Use It For Quick Translations
ChatGPT can understand several languages, including English, German, French, and Spanish. Hence, if users come across a phrase or a sentence in another language, they can copy it, paste it into the tool's text field and ask to translate it. Users who don't recognize the phrase's language can simply ask the tool to identify it. In addition, ChatGPT can compose messages in different languages. The image above shows how users can explain what they wish to write in a message and then ask ChatGPT to write notes in another language.

ChatGPT Can Help You With Quick Emails
Writing emails is an everyday task for a working individual. Whether the email is addressed to their company's HR or their boss, people spend some time ensuring it is well-written. Well, ChatGPT can write any email within seconds. In this case, users should provide the chatbot with details such as the email's subject, whom they are writing it to, and any other information.

The chatbot responds by providing an email template that can be used with minimal changes. Of course, it leaves spaces for names, dates, or other details that users must mention. Moreover, drafting emails through ChatGPT saves a lot of time.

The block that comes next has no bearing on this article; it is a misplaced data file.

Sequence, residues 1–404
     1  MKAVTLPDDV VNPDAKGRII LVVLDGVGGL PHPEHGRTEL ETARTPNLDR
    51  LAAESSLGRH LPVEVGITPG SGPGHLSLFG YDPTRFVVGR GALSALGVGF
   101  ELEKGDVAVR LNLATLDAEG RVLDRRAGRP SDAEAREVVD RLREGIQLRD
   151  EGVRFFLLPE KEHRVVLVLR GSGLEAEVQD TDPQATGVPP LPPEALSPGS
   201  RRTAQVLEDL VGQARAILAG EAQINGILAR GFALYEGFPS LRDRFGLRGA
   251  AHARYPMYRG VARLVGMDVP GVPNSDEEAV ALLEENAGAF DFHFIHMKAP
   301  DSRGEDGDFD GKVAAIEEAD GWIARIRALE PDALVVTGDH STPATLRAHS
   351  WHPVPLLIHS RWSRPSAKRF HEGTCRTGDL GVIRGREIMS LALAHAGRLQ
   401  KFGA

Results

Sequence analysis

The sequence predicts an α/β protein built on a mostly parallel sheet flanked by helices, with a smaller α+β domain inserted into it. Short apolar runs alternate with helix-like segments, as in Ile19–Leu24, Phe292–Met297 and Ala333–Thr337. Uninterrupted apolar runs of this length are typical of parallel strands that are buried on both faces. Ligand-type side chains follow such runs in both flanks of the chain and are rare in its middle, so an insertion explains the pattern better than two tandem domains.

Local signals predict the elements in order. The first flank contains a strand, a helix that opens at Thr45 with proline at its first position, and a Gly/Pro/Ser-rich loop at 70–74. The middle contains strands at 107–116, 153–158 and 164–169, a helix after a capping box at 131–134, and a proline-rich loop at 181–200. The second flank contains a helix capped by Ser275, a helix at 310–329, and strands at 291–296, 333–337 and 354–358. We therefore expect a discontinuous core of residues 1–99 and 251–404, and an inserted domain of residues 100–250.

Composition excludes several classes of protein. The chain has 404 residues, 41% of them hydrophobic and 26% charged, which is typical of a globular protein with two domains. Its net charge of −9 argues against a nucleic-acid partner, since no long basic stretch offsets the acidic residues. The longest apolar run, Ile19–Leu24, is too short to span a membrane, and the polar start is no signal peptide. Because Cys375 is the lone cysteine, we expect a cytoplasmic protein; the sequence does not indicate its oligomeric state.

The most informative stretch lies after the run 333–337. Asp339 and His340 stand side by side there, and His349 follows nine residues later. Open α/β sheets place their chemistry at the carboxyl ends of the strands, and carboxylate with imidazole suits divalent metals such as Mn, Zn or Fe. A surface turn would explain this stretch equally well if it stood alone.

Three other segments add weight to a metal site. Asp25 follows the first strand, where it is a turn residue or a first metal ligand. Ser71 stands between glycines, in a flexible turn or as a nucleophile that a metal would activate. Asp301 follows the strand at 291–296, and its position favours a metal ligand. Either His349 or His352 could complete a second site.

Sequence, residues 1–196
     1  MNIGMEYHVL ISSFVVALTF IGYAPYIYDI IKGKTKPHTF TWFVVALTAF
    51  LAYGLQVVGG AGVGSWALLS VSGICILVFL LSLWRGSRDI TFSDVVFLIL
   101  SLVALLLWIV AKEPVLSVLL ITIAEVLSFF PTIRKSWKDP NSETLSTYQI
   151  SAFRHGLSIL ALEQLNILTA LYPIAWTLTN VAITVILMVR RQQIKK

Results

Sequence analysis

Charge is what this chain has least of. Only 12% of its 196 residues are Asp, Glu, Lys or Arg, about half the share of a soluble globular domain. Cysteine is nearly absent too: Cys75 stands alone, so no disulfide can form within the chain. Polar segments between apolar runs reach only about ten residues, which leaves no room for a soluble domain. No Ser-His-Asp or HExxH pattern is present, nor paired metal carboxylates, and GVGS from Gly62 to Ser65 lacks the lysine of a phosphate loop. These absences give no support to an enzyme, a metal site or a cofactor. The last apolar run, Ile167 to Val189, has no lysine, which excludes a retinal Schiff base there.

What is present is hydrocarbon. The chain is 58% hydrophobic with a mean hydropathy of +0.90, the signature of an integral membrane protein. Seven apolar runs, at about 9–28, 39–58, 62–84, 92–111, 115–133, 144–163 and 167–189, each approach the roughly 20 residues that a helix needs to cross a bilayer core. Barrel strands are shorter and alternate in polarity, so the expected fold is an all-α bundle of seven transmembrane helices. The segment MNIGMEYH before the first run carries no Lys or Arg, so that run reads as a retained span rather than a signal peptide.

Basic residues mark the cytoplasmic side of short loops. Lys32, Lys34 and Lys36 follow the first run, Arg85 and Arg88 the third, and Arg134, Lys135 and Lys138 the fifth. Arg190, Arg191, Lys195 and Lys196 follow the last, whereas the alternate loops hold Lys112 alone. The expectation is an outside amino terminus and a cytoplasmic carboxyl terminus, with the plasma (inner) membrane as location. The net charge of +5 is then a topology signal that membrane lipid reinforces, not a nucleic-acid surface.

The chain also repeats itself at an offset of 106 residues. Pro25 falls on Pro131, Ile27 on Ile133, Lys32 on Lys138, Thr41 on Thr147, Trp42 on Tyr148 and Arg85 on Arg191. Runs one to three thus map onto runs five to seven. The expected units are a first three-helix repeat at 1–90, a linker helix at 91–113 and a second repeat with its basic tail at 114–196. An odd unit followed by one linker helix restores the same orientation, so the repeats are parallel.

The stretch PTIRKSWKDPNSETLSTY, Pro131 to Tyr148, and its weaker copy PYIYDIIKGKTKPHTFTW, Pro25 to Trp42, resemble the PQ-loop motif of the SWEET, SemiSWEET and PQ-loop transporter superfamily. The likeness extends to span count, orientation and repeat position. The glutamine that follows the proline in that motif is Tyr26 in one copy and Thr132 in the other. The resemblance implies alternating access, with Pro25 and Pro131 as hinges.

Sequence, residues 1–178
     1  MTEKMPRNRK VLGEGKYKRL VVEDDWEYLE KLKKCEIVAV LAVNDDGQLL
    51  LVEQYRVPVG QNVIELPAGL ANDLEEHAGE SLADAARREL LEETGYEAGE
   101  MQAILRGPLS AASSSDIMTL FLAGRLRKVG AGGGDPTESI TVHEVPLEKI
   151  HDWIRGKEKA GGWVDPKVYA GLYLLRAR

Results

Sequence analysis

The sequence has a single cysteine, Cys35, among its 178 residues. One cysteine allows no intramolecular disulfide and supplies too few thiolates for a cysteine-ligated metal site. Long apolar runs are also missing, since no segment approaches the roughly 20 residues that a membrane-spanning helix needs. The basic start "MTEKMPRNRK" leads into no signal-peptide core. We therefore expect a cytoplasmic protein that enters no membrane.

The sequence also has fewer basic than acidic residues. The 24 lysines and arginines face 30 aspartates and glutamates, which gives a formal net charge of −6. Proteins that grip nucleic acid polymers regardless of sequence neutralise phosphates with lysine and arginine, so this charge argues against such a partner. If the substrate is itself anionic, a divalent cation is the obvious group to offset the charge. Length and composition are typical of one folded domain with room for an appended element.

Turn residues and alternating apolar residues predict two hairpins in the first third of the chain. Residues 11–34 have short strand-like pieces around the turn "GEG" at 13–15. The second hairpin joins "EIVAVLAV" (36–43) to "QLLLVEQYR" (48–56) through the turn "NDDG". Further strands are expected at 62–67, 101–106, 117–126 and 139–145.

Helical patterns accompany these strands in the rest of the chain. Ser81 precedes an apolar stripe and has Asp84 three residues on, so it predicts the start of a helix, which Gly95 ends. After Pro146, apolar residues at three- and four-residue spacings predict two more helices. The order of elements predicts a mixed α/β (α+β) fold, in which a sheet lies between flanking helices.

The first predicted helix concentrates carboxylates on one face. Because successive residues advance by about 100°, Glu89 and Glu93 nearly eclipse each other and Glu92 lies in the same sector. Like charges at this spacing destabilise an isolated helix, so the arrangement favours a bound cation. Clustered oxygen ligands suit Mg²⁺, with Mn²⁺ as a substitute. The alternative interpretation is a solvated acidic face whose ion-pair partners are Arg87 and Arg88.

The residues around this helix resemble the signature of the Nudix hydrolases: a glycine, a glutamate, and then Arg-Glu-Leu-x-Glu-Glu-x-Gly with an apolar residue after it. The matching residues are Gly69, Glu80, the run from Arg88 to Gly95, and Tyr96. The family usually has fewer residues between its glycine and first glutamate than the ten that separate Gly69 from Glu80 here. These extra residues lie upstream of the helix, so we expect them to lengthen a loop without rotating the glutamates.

Generate Social Media Content
Social media influencing is emerging as a popular career. However, it requires a rigorous amount of planning and scheduling, something that ChatGPT excels at. With some context, ChatGPT can also help with content planning. Using the AI tool, users can generate informative captions, blog posts, pointers for presentation slides, and descriptions.

In addition, video creators can use the tool's language processing skills to generate scripts for both short and long-format content. Social media managers can also deploy the chatbot for getting campaign ideas.

Change Text To A Specific Style
OpenAI has trained ChatGPT on a vast database. The language model can not only understand what one says but also distinguish between tone and style. For instance, the chatbot can write a message in a formal or friendly manner. Similarly, it can simplify a piece of scientific text and even explain it like talking to a five-year-old kid.

Hence, if users need to change how a particular email, message, or press article sounds, they can run it through ChatGPT, input the required style, and get the results in no time. Other examples include changing a formal speech to a lively one with punch lines, writing something while pretending to be a particular character from a movie, and so on.

Use The AI Chatbot Instead Of Google To Get Quick Information
Countless academic courses, jobs, or businesses require users to conduct hundreds of Google searches daily. They might want to know what inflation means, what is a content management system, or how an automated billing machine work. Although Google can help users, searching for these, or any other terms, could trigger unnecessary advertisements that can distract users or break their flow.